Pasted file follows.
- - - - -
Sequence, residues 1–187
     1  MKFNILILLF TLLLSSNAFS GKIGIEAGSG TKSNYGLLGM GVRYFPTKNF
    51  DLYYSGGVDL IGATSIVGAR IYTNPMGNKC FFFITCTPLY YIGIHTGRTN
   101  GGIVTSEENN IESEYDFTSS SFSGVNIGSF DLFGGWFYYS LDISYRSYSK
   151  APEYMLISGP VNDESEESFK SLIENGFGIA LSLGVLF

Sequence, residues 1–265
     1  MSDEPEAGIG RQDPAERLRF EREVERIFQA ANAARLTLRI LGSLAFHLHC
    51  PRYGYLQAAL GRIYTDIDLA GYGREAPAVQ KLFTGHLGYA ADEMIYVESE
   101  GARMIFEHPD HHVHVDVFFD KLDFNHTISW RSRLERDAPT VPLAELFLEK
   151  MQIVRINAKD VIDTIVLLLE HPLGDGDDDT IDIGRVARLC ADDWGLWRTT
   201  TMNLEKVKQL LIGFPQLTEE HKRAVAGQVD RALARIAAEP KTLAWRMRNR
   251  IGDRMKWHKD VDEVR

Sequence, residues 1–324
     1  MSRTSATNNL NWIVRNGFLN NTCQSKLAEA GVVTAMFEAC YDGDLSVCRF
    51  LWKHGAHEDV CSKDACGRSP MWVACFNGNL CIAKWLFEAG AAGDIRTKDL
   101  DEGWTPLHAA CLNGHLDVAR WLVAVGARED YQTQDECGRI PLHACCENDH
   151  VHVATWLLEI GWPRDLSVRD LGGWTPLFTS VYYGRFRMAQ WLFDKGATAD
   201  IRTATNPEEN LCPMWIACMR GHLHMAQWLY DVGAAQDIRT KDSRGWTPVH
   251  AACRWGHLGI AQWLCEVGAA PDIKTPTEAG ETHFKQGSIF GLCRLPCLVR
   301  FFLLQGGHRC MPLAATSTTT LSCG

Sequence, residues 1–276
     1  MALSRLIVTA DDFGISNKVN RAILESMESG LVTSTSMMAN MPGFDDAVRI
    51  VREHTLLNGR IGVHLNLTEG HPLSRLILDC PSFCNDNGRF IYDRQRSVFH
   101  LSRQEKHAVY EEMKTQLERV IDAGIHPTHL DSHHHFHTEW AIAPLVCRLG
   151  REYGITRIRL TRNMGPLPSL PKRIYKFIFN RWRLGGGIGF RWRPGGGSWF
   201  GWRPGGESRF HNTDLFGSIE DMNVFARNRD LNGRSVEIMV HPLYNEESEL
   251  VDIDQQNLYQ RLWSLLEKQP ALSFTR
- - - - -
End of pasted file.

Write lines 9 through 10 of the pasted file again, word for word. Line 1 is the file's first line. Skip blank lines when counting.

   101  GARMIFEHPD HHVHVDVFFD KLDFNHTISW RSRLERDAPT VPLAELFLEK
   151  MQIVRINAKD VIDTIVLLLE HPLGDGDDDT IDIGRVARLC ADDWGLWRTT